Quality, affordable health care is crucial to aging well, and Medicare makes it possible for millions of older adults in the U.S. However, the system can be confusing and it’s easy to make mistakes.
“Our messy health insurance system causes anxiety for everyone,” says Carolyn McClanahan, M.D. a physician and certified financial planner in Jacksonville, Florida. “The most important task for everyone is to become an engaged patient so they can effectively navigate the system,” she says.
To help you get started, here are seven common Medicare mistakes people and how you can avoid them.
Mistake 1: Not Understanding the Types of Medicare
“Medicare is an incredibly complicated system that changes periodically, and there are now more options and complications than ever,” says Sam Carleton, director of Vermont’s Statewide Health Insurance Assistance Program (SHIP).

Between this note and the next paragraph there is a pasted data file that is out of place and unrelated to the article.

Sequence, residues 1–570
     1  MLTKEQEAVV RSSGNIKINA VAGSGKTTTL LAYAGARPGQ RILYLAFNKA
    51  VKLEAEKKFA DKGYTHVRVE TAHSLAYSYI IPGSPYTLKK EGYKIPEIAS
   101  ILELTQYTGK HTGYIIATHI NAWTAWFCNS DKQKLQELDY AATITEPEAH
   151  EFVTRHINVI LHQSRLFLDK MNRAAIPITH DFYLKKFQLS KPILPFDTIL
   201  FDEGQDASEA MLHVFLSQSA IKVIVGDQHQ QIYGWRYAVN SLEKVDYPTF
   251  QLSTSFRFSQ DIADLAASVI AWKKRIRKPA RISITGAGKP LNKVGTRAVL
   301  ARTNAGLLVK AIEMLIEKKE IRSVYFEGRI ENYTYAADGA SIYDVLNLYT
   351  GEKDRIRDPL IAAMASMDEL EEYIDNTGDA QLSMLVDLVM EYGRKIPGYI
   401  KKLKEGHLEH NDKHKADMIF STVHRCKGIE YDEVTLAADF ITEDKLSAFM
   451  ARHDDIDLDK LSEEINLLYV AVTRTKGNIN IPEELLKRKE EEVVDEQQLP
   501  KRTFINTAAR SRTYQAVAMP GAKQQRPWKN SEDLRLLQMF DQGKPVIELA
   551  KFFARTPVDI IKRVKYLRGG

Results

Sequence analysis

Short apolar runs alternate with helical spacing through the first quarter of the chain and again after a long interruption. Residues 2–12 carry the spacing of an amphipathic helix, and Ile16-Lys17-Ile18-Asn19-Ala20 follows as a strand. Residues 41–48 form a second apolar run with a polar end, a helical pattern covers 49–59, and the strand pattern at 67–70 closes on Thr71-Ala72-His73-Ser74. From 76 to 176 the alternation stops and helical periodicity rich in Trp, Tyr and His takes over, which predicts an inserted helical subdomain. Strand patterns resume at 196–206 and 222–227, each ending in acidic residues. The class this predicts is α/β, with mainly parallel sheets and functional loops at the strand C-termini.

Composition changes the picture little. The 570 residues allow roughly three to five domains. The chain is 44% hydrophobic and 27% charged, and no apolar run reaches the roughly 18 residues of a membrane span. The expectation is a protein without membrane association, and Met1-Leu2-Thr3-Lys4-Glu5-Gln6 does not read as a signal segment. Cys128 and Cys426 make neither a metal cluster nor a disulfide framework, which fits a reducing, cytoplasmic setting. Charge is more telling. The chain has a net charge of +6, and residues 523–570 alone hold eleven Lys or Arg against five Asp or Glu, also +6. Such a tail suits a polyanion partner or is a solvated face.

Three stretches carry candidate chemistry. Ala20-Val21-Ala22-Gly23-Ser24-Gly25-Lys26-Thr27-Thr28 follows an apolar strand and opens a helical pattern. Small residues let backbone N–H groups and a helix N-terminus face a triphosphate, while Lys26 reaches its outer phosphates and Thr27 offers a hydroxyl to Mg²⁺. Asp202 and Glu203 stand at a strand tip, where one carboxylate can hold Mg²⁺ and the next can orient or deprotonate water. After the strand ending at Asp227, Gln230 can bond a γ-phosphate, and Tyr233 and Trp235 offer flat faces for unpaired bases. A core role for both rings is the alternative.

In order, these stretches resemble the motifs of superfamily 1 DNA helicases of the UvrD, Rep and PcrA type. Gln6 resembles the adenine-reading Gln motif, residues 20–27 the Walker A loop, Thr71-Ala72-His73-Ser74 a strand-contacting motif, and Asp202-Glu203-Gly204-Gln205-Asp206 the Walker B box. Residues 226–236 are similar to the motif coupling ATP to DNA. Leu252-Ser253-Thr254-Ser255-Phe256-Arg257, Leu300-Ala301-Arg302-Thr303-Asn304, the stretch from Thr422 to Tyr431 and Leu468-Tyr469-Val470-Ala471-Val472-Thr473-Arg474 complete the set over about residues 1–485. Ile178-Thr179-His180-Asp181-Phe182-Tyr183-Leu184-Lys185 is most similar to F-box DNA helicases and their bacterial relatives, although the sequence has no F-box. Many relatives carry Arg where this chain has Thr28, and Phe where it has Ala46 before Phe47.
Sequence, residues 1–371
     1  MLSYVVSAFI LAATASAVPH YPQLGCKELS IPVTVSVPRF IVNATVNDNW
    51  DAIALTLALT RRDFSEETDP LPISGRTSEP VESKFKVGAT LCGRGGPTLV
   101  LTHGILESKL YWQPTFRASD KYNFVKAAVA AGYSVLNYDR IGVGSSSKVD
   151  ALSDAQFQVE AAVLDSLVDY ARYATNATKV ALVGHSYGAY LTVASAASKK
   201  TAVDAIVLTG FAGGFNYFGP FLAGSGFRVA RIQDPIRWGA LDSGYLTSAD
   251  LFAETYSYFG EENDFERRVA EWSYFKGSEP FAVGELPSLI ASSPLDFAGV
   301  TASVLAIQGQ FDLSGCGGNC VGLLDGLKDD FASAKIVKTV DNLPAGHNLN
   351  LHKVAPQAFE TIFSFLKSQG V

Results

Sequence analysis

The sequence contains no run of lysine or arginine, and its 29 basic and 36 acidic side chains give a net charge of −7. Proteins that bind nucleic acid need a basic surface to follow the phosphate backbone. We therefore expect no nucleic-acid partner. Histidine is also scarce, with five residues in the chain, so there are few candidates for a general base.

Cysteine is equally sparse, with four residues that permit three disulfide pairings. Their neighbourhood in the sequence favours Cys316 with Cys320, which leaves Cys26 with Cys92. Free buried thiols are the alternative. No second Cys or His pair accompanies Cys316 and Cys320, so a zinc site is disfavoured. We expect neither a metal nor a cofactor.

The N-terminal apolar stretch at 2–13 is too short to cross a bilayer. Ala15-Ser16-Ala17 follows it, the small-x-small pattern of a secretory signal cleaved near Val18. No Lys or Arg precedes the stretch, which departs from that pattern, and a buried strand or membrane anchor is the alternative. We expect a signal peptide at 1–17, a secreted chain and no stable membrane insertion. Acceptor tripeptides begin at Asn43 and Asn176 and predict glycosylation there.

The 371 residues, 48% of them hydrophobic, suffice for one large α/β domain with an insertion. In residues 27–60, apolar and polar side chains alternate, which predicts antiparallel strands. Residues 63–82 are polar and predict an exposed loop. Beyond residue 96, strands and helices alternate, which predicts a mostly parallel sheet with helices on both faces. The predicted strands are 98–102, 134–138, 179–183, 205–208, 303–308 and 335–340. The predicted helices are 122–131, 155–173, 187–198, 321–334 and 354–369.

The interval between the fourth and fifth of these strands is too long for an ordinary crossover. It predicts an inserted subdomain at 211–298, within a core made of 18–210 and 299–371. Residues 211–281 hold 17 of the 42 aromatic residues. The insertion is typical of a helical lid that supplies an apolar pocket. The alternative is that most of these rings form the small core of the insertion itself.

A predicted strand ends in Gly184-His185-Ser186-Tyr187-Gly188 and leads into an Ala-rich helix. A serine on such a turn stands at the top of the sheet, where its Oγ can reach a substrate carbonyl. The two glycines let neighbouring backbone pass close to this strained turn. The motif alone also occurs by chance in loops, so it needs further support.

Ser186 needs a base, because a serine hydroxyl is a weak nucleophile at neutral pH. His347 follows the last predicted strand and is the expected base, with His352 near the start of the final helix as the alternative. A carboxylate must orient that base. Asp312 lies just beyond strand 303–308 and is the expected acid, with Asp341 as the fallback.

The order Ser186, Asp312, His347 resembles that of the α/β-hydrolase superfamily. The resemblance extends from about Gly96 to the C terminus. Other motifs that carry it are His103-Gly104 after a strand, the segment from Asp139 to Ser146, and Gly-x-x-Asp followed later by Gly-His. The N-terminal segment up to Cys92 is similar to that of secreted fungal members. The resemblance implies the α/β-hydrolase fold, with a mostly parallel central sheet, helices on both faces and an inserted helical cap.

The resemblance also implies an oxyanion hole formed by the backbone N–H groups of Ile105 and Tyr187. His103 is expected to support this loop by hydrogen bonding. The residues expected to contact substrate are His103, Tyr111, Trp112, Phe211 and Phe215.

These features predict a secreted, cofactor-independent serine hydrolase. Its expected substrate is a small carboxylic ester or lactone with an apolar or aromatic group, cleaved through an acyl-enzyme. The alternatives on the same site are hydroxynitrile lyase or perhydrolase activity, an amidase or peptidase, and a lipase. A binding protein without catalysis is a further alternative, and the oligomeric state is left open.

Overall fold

If you’re unclear on the various Medicare programs, you may end up choosing one that doesn’t provide what you need. You can sidestep this mistake if you familiarize yourself with the different kinds of coverage:
- Original Medicare has two parts. Part A covers hospital and short-term skilled nursing facility admissions, and Part B covers doctor visits, screenings and vaccinations, as well as some medical equipment.
- Medicare Part D is an additional policy you purchase from a private health insurance provider to cover prescription drugs and some medical equipment.
- Medicare Advantage is a version of original Medicare offered by private health insurance companies that may include a prescription drug plan and additional benefits beyond medical and hospital coverage.
- Medicare Supplement, or Medigap, is a selection of optional supplemental coverage offered by private health insurance providers that can help pay for costs and services not covered by Part A and Part B. Medigap isn’t available to people enrolled in Medicare Advantage plans.
Private health insurance companies may also offer special needs plans in your area. They provide the same coverage as Part A and Part B (like Medicare Advantage), plus additional benefits. You may qualify if:
Mistake 2: Postponing Enrollment